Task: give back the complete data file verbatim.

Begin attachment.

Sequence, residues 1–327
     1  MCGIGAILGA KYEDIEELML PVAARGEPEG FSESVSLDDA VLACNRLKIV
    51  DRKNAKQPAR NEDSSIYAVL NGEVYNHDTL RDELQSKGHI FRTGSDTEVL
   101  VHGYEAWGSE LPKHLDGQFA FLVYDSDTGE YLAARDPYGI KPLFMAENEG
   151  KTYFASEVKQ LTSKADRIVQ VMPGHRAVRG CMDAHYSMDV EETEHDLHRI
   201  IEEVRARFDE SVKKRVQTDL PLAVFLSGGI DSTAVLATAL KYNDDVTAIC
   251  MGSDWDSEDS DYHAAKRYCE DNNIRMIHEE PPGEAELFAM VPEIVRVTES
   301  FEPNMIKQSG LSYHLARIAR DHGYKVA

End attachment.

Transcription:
Sequence, residues 1–327
     1  MCGIGAILGA KYEDIEELML PVAARGEPEG FSESVSLDDA VLACNRLKIV
    51  DRKNAKQPAR NEDSSIYAVL NGEVYNHDTL RDELQSKGHI FRTGSDTEVL
   101  VHGYEAWGSE LPKHLDGQFA FLVYDSDTGE YLAARDPYGI KPLFMAENEG
   151  KTYFASEVKQ LTSKADRIVQ VMPGHRAVRG CMDAHYSMDV EETEHDLHRI
   201  IEEVRARFDE SVKKRVQTDL PLAVFLSGGI DSTAVLATAL KYNDDVTAIC
   251  MGSDWDSEDS DYHAAKRYCE DNNIRMIHEE PPGEAELFAM VPEIVRVTES
   301  FEPNMIKQSG LSYHLARIAR DHGYKVA